Is a strategy of treat-to-target statin dosing noninferior to high-intensity dosing for adults with coronary artery disease?
This study found that statin dosing based on a treat-to-target LDL level of 50 mg/dL to 70 mg/dL is noninferior to a high-intensity strategy for reducing adverse events in adults with established CAD. Although the authors see this as an advantage that allows a tailored approach for individual dosing variability, it also serves as some of the best evidence yet that we can manage our patients with a high-intensity strategy and avoid the costs and burdens of repeated LDL testing.
Plan de l'etude:
Randomized controlled trial (single-blinded)
There is minimal evidence supporting the superiority or noninferiority of a high-intensity strategy of statin dosing versus a strategy of treating to a target low-density lipoprotein (LDL) level. These investigators identified 4400 adults with coronary artery disease (CAD), including both stable ischemic heart disease and acute coronary syndrome. Eligible patients randomly received (concealed allocation assignment) a statin using either a strategy of treat-to-target an LDL level between 50 mg/dL and 70 mg/dL, or a strategy of high-intensity therapy (20 mg rosuvastatin or 40 mg atorvastatin daily) without dose adjustment based on follow-up LDL levels. An independent committee masked to treatment group assignment assessed outcomes. Complete follow-up occurred for 98.7% of participants at 3 years.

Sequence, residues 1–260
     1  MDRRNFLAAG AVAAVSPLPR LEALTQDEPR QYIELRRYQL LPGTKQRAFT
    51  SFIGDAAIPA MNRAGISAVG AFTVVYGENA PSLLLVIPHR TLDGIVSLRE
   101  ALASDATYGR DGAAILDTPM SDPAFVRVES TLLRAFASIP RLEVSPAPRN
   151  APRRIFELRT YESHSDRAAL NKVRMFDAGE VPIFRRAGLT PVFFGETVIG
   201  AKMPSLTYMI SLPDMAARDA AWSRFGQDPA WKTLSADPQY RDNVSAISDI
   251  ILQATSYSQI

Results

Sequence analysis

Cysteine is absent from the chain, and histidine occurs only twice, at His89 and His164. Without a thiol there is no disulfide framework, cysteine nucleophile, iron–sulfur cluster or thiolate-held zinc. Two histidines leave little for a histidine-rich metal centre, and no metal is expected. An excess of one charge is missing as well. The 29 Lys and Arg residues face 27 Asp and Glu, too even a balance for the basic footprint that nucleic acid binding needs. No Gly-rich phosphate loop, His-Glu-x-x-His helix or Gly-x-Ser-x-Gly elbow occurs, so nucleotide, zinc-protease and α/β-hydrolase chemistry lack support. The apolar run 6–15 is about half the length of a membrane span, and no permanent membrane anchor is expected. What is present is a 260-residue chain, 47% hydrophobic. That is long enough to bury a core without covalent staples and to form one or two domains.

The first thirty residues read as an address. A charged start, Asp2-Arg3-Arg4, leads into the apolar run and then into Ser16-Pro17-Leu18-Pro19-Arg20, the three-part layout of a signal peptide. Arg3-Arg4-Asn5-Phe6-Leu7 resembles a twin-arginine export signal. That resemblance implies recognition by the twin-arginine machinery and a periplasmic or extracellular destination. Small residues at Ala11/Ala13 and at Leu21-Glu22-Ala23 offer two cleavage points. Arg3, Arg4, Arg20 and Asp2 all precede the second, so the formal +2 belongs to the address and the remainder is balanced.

Using both intention-to-treat and per-protocol analysis, the primary endpoint (a composite of all-cause death, myocardial infarction, stroke, and any coronary revascularization) occurred in 8.1% of the treat-to-target group and 8.7% in the high-intensity statin therapy group (nonsignificant difference; meeting the significance for noninferiority). No significant group differences occurred for multiple prespecified secondary end points, including new-onset diabetes, elevated liver enzymes, hospitalizations, end-stage kidney disease, or study drug discontinuation due to intolerance.
David C. Slawson, MD
Professor and Vice Chair of Family Medicine for Education and Scholarship
Professor of Family Medicine, UNC Chapel Hill